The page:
” For God’s sake believe me. I hate it, I hate it all; I’m tired. But it’s the world, it’s mankind tat’s gone mad. We’re a tiny price to pay . . . but everywhere’s the same, people cheated and misled, whole lives thrown away, people shot and in prison, whole groups and classes of men written off for nothing. ” (Ch.25, p.221)
For a spy fiction published in 1963, other than the obvious anachronisms like the Berlin Wall, the book does not feel dated at all. The plot deals with a British case officer working in West Berlin who, after losing his last agent operating in East Germany, a high-ranking official possessing knowledge of German intelligence, returns to London to consider retirement. But he must face up to his failure by reporting personally to Control, the head of operation in West Berlin. Certain that his age, and the ignominious collapse of his intelligence network that one time was the glory of the British Secret Service will spell disaster for his career in the eyes of his superiors, Alec Leamas reviews his life.
All our works—yours and mine—is rooted in the theory that the whole is more important than the individual . . . The exploitation of individuals can only be justified by the collective need, can’t it? (Ch.12, p.118)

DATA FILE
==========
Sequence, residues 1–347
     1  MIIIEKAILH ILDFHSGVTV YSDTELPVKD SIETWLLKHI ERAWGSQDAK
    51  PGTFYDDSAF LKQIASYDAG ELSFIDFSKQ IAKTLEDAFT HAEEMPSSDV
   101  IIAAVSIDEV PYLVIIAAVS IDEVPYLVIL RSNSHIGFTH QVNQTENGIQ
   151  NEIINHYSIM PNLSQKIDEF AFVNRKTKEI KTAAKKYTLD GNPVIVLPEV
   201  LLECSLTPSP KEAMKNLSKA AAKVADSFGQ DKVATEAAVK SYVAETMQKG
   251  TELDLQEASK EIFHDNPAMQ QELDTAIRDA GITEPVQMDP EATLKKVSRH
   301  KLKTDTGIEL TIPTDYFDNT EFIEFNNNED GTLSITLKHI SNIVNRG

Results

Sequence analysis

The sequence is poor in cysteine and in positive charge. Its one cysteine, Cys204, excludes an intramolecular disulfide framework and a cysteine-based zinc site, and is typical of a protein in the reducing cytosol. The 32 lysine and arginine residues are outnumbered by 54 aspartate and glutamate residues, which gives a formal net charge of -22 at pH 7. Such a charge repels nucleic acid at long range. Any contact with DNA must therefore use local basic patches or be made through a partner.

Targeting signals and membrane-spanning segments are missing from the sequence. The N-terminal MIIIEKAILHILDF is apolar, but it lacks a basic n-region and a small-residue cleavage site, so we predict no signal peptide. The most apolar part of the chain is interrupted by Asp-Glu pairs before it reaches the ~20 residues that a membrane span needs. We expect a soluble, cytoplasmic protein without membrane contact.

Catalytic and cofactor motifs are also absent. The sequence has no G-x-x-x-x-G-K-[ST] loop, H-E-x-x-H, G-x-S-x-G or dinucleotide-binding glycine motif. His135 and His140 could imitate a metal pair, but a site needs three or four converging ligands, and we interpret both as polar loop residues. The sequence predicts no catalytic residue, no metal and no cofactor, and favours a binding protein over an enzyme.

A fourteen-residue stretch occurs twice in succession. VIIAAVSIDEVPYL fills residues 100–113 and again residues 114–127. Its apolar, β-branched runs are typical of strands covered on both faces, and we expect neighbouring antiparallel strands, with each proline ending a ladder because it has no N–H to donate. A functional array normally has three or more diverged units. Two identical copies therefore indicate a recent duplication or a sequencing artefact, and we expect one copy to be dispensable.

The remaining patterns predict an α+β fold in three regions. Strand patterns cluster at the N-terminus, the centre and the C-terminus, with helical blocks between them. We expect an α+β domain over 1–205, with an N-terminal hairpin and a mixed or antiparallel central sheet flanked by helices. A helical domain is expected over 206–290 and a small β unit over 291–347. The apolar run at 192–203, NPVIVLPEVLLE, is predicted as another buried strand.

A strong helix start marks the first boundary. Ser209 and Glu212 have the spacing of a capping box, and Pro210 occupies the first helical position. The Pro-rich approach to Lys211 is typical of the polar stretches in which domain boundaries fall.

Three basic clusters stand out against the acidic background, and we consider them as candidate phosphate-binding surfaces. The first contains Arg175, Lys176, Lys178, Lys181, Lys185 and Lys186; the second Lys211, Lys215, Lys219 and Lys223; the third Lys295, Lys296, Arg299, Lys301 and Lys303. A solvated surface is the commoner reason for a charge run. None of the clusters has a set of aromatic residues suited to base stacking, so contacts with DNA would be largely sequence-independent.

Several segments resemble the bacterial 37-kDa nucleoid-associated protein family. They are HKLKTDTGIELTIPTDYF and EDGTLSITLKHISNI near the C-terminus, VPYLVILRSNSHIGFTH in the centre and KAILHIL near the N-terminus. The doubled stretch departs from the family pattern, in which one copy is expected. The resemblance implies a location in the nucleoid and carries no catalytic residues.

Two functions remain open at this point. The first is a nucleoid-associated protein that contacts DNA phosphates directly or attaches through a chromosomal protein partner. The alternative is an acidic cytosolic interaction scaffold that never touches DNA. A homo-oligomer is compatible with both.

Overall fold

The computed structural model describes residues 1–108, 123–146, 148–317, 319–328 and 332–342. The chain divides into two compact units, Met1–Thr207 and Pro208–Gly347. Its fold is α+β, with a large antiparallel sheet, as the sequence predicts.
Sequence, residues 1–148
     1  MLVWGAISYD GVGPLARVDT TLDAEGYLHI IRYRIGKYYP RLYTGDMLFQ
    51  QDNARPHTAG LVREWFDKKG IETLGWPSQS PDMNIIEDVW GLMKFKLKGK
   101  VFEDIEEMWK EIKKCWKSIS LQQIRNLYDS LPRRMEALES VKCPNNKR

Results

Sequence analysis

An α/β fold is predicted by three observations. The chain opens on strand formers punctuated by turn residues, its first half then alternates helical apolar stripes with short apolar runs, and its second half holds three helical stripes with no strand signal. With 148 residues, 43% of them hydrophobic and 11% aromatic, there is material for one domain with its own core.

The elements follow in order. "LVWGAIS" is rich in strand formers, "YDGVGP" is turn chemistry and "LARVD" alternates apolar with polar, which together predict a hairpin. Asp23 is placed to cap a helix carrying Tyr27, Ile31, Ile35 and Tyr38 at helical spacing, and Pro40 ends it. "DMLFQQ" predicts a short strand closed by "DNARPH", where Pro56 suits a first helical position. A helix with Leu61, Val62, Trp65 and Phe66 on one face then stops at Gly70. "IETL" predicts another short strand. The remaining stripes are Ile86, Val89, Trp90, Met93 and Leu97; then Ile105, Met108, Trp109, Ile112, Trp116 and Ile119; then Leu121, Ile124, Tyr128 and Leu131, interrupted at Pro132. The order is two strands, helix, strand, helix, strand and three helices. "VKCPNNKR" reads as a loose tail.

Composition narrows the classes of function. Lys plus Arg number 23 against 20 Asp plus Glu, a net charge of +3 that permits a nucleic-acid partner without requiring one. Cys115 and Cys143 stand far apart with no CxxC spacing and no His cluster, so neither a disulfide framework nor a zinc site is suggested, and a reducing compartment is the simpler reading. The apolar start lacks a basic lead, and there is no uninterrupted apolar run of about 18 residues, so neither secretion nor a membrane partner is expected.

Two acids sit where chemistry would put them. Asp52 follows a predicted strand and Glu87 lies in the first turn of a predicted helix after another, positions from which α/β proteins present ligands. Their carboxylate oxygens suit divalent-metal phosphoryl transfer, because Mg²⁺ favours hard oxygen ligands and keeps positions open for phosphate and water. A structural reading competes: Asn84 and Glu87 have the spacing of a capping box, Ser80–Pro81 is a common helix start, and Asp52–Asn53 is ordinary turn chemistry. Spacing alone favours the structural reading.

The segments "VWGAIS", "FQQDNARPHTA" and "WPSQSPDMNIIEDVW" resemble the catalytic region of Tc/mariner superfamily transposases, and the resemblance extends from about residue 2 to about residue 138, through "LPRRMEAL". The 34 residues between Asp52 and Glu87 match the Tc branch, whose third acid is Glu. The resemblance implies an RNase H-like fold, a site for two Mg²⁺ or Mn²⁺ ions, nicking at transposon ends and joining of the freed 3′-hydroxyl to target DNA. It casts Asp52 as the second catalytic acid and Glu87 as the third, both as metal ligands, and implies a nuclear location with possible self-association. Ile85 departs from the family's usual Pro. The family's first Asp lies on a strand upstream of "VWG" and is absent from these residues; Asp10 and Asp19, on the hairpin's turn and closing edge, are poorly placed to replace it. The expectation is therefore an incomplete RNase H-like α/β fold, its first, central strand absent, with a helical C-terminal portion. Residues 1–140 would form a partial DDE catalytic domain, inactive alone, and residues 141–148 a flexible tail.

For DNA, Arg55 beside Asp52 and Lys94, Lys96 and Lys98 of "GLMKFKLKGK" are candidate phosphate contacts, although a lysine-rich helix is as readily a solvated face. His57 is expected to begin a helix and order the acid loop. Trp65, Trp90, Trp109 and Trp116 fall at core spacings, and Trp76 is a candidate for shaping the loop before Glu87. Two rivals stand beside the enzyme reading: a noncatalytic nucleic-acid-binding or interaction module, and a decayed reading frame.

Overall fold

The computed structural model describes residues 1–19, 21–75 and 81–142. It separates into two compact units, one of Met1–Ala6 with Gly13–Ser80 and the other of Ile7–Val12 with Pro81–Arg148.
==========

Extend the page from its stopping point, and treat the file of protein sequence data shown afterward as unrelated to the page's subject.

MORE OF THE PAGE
But Control has one last assignment for Leamas before he can “come in from the cold.” To bring Leamas to the East Germans’ attention as a potential defector, Circus sacks him, leaving him with a small pension. He initiates this secret mission by assaulting a grocer and gets himself arrested. Following his release, he is approached by East German recruiter, and is taken to meet the higher echelons of the Abteilung. From here, this tightly woven, brilliantly executed plot moves at an incredibly fast pace and is filled with superb twists, with characters who all blur the lines between good and bad. Mundt is a former Nazi who is one of the top men in Abteilung. Fiedler, head of East German counter-intelligence, is secretly plotting the downfall of Mundt, whom he believes to be an English double agent. The alliance with Fiedler, who wants to frame Mundt, works in Leamas’ advantage to rid of Mundt, who was responsible for the collapse of Leamas’ network in East Germany. But nothing is what it seems.
Despite the intriguing plot, it’s what the author is talking about that makes this book excellent. Le Carré uses the novel to explore unethical world of espoionage. The theme about how the supposed “good guys” were just as willing to use any individual or deal with any devil to get the job done as the “bad guys” were is just as relevant today as it was when the book was first written. Moral uncertainty still prevails. Le Carré doesn’t give us any heroes; in short, there are no good guys in this story, only bad guys. The end is fatally terminal and inevitable. The book is suspenseful, perfectly edited, and packed with more plot than any book of its size. The book truly defines the genre of spy fiction.
229 pp. Sceptre UK. Trade Paper. [Read|Skim|Toss] [Buy|Borrow]
Filed under: Books, Contemporary Literature, General Fiction, Literature, Thriller | Tagged: Books, Cntemporary Literature, General Fiction, Literature, Spy Fiction, The Spy Who Came in From the Cold |